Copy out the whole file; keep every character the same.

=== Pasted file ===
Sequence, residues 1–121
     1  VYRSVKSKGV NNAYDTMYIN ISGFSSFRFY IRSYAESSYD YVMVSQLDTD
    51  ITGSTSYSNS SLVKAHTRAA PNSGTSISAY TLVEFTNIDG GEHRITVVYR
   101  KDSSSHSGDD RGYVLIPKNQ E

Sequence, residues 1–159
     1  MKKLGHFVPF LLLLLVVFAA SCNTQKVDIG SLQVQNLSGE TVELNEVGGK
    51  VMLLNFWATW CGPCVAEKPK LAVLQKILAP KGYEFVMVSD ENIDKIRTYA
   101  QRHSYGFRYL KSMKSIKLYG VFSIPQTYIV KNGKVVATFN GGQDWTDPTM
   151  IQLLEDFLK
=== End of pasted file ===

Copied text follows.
Sequence, residues 1–121
     1  VYRSVKSKGV NNAYDTMYIN ISGFSSFRFY IRSYAESSYD YVMVSQLDTD
    51  ITGSTSYSNS SLVKAHTRAA PNSGTSISAY TLVEFTNIDG GEHRITVVYR
   101  KDSSSHSGDD RGYVLIPKNQ E

Sequence, residues 1–159
     1  MKKLGHFVPF LLLLLVVFAA SCNTQKVDIG SLQVQNLSGE TVELNEVGGK
    51  VMLLNFWATW CGPCVAEKPK LAVLQKILAP KGYEFVMVSD ENIDKIRTYA
   101  QRHSYGFRYL KSMKSIKLYG VFSIPQTYIV KNGKVVATFN GGQDWTDPTM
   151  IQLLEDFLK